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McBeth Continues Mastery of Eureka, Seizes Pro Worlds Lead


Paul McBeth leapfrogged Emerson Keith in the middle of round three of the 2019 PDGA Professional Disc Golf World Championships at Lake Eureka. Photo: Alyssa Van Lanen

PEORIA, Ill.—Emerson Keith played nearly flawless disc golf for 41 holes of the 2019 PDGA Professional Disc Golf World Championships. When the 42nd came on Thursday, his long approach on the tightly roped, 897-foot 6th at Lake Eureka hop-skipped out of bounds to lead to a bogey. It was a forgivable mistake on the course’s most difficult hole, but with Paul McBeth on your heels you only have so much room for grace.

So when Keith tossed another second shot OB—this time as he approached the narrow mouth of hole 8’s green—it left a crack in the door for the four-time PDGA World Champion who was giving chase. And when Keith ran the basket with his in-bound attempt to save bogey and then watched his putter roll into the water on the other side of the peninsula, that crack quickly transformed into a wide pathway for McBeth.

“I was just feeling it when I got up there—I’m more of a feel it player,” Keith said. “If I’m feeling that putt, whether it’s dangerous or not, I’m just gonna make it. And unfortunately this time it bit me and I didn’t make it.”

McBeth capitalized on the opportunity with a birdie on the same hole to give him a three-stroke swing, and he took it and ran all the way to the top of the leaderboard with an 11-under par 52 at Lake Eureka. His three-day total is now at a 32-under par 158, putting him four shots over Keith after the 21-year-old battled back with six birdies on the back nine to finish the round at 6-down.

The 1080-rated performance put McBeth in the driver’s seat as he pursues his fifth world title.

“I think double digits [under par] is my goal for each round,” McBeth said. “I really want to get to 50-under for the tournament.”

As much as Keith may have provided an opening, McBeth made his own fortune. He saved early pars with outside-the-circle connections after OB drives and has continued to assail the Peoria fairways to pace the field in both circle 1 (67%) and circle 2 in regulation (78%).

The irony of those statistics lies in McBeth’s approach to hole 15: He was in circle 1 in regulation on the 315-foot par 3 and was looking for an easy deuce. But a lapse in focus found him walking away with a bogey.

“I was literally tired of putting at that point, and I was walking up with not the right mindset,” McBeth admitted. “I didn’t feel like I was putting the disc close enough leading up to that point and it was frustration because I threw the disc poorly off the tee shot…I should have just stepped away and regrouped.”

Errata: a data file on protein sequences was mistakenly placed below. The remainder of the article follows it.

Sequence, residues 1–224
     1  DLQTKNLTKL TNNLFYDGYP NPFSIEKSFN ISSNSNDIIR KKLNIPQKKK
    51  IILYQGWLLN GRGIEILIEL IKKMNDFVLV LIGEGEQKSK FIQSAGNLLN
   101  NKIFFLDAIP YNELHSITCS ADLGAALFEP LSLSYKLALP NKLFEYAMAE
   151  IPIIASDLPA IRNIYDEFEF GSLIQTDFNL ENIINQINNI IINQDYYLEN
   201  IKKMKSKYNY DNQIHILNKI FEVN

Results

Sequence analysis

Keith, while disappointed to drop down a slot in the standings, was proud of the way he battled back from the early-round adversity and was ready to assume the role of hunter instead of hunted.

“I think it takes like 90% of the pressure off my back,” Keith said. “I think I can just—what do I have to lose? I’m the underdog in the tournament. No one expected me to be right here…I think I’ve got it tomorrow.”

The Open field takes one more crack at Northwood Friday. McBeth shot incredibly clean there during round two, but he wasn’t going to build in room for errors during round 4. If anything, he’s aiming even higher.

“I think just starting off a bit better, getting a few more birdies on the front half [will be important],” McBeth said. “That’s really where the scoring is for everyone….Just kind of wake up sooner on that course.”

Kevin Jones and James Conrad moved back up to the lead card with their 10-under and 9-under par performances, respectively, at Lake Eureka, which makes for a repeat showing of the top foursome at Northwood. Jones is looking to rebound from a 3-under par showing there on Wednesday.

“I was just a little bit off [during round two], wasn’t feeling quite myself and unfortunately you’ve got to be on your stuff at Northwood,” Jones said. “So I plan tomorrow to get some good sleep, wake up, drink a lot of water and I’ll be on my stuff.”

Chris Dickerson climbed up 13 spots and into fifth place at 22-under for the tournament, but the biggest move of the day came from Eagle McMahon. The 21-year-old Coloradan rebounded from a 997-rated second round at Northwood with a 14-under par course record at Lake Eureka to rocket up 24 spots and into a tie for 15th place.

“Disc golf is a very strange game,” McMahon said. “To be honest, last night was not a very good night. I wasn’t feeling too good seeing my name in 39th place, so coming out here I didn’t have any expectations. I just kinda told myself, ‘Just throw each and every shot,’ and I don’t know—14-under happened. I’m definitely happy about it, but still confused. Gotta take the good with the bad, I guess.”

The round is currently rated at 1101 and is the second-highest rating of McMahon’s career after his 1108 during the final round of the 2019 Las Vegas Challenge. If the number holds up it will register as the fifth-best round for a course with a scratch scoring average in the 60-65.99 range.

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